An eating disorder refers to abnormal eating habits that affect both the mental and physical well-being of a person. They are caused by a range of biological, psychological, and social-cultural factors. Eating disorders affect individuals of different ages, gender, sexual orientation, race, social class, body types, and weight.
The diagnosis of an eating disorder is reached after running diagnostic tests to rule out physical illnesses since there are no specific lab tests. The diagnostic and statistical manual of mental disorders (DSM-5) is used for diagnosing eating disorders.
Bing-eating, purging, over-exercising, and skipping meals are some of the unhealthy obsessions associated with eating disorders. Force-feeding, guilt, and shaming children and teenagers are other food practices related to eating disorders and parenting, especially with the increase in incidences of eating disorders. It is essential to understand and differentiate eating disorders to avoid misdiagnosing individuals. Here are the common types of eating disorders that some people struggle with.
Anorexia is an eating disorder characterized by drastic weight loss and weight stagnation as a result of starvation, restrictive eating, and over-exercising. Individuals who have a fear of being overweight or have a distorted body image are at a higher risk of picking up this disorder.
Using the DSM-5 manual, physicians diagnose individuals with anorexia through a thorough study of their behavior and attitude towards their body and food. Some of the attitudes people with anorexia portray are; fear of gaining weight, low consumption of food and energy, denial of current body weight and size.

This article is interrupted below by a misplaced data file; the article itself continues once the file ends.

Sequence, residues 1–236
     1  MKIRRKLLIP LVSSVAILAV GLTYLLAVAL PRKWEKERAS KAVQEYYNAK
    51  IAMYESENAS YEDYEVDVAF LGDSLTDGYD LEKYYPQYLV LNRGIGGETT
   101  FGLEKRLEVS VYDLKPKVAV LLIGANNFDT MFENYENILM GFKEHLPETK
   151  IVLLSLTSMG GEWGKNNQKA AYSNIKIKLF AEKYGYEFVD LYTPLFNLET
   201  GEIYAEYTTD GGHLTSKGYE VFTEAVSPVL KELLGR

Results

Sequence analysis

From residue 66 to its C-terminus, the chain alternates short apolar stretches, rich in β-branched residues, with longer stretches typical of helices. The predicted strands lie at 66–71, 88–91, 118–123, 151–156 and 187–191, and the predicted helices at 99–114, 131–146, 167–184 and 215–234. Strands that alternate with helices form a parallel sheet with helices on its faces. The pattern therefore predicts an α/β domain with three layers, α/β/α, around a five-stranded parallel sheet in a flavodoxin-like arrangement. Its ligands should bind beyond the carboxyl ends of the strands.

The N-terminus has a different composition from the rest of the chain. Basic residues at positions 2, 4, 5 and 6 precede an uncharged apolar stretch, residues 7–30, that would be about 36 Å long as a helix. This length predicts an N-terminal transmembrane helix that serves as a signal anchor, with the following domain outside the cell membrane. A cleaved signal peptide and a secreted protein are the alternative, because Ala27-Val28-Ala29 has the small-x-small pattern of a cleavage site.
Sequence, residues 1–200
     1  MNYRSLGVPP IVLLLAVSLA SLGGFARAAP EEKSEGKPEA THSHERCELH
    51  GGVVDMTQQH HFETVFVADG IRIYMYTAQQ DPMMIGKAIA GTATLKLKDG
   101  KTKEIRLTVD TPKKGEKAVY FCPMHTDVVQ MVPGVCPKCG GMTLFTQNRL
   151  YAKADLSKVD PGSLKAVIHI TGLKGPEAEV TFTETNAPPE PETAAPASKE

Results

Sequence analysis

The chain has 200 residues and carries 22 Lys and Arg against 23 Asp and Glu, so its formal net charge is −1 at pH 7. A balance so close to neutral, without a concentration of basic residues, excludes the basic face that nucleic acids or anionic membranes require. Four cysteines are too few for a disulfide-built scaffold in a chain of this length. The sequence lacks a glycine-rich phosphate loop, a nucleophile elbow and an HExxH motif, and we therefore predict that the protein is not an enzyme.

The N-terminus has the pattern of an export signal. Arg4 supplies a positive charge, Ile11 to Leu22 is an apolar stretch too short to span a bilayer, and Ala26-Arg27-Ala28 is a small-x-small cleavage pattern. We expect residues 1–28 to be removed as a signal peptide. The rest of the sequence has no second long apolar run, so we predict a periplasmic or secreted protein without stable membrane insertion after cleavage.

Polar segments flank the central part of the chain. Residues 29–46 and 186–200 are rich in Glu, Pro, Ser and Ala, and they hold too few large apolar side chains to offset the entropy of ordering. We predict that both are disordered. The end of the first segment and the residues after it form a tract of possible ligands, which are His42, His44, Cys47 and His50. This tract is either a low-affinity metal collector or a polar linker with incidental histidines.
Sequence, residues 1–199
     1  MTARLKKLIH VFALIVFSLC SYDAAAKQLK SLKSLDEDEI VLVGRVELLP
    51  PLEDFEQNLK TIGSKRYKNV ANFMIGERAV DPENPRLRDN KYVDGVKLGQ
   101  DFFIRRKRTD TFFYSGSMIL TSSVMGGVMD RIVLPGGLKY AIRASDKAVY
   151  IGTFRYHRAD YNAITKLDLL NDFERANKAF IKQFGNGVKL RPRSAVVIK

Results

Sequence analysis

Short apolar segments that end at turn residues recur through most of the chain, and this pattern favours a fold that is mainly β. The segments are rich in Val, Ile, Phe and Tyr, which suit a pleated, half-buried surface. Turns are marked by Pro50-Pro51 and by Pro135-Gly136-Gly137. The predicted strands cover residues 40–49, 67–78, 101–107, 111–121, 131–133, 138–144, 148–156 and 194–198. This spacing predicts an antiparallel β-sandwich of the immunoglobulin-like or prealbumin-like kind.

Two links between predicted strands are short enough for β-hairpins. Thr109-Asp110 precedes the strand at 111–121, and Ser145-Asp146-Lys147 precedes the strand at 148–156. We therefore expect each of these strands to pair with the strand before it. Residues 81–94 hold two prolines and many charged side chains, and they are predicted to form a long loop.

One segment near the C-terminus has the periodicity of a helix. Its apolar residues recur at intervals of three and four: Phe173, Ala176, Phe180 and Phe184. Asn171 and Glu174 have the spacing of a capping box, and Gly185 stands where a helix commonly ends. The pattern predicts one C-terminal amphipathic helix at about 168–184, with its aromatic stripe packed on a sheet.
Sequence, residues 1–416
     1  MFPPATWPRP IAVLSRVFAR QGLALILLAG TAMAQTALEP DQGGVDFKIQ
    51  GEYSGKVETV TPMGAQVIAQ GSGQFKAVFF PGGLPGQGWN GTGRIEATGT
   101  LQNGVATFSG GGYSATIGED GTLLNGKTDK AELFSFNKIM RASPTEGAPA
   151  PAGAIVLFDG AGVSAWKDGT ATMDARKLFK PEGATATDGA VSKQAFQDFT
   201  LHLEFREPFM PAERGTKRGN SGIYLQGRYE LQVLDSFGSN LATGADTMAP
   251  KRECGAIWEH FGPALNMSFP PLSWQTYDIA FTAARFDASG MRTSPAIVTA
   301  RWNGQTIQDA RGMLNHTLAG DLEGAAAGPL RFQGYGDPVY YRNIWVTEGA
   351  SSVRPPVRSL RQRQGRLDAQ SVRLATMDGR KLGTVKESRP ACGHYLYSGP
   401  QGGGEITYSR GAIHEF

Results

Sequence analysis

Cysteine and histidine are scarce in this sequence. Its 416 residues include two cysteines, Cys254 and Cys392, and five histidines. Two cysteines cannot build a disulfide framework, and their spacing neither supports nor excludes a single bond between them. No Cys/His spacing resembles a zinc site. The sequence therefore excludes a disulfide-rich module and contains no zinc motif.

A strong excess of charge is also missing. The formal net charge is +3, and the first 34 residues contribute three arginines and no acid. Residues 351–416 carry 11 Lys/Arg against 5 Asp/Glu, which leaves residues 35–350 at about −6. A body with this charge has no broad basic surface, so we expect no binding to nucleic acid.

Bulimia is an eating disorder that starts with binge-eating, followed by purging or other compensatory behaviors like fasting and over-exercising. Purging usually involves self-induced vomiting and is meant to compensate for the effects of the binge-eating cycle.
Some of the side effects of bulimia include; hormonal disturbances, irritation of the gut, severe dehydration, tooth decay, acid reflux, and an inflamed and sore throat. In extreme cases of bulimia, it could lead to an imbalance in the level of electrolytes, which could cause a stroke or a heart attack.
The DSM-5 criteria for diagnosing bulimia comprises the following symptoms; recurring episodes of binge-eating, recurrent episodes of compensatory behavior to prevent weight gain, and compensatory response both occurring on average at least once a week for three months, self-evaluation influenced by body shape and weight.
Binge-Eating Disorder (BED)
Binge-eating is a disorder where an individual consumes large amounts of food and feels unable to stop eating. In most cases, individuals result in binge eating in an attempt to manage difficult and unpleasant emotions such as stress, anxiety, boredom, loneliness, depression, and fear.
The DSM-5 criteria for diagnosing binge-eating disorder involves; recurrent episodes of binge eating, such episodes are associated with at least three of these characteristics;
- Eating a lot of food when not necessarily hungry
- Eating considerably quickly
- Eating until completely and often intolerably satisfied
- Feeling embarrassed by the amount of food intake
- Feeling shame, disgust, guilt or depressed after eating
Other criteria include; binge-eating distress, binge-eating occurring on average at least once every week in a three-month period, and compensatory practices, in this case, do not necessarily follow binge-eating.
Orthorexia is an eating disorder involving an obsession with healthy or “clean” eating habits. Studies indicate that most individuals with orthorexia also have an obsessive-compulsive disorder.
Pica is an eating disorder where patients consume substances not considered to be food and have little or no nutritional value. Pica is mostly observed in children, pregnant women, and individuals with mental disabilities. Diagnosing pica should be accompanied by tests for anemia, evaluation of intestinal blockages, and a toxicology report.
Other eating disorders include rumination disorder and avoidant restrictive food intake disorder. When diagnosing eating disorders, it is important to note that binge-eating and purging are not exclusive to anorexia and Bulimia Nervosa.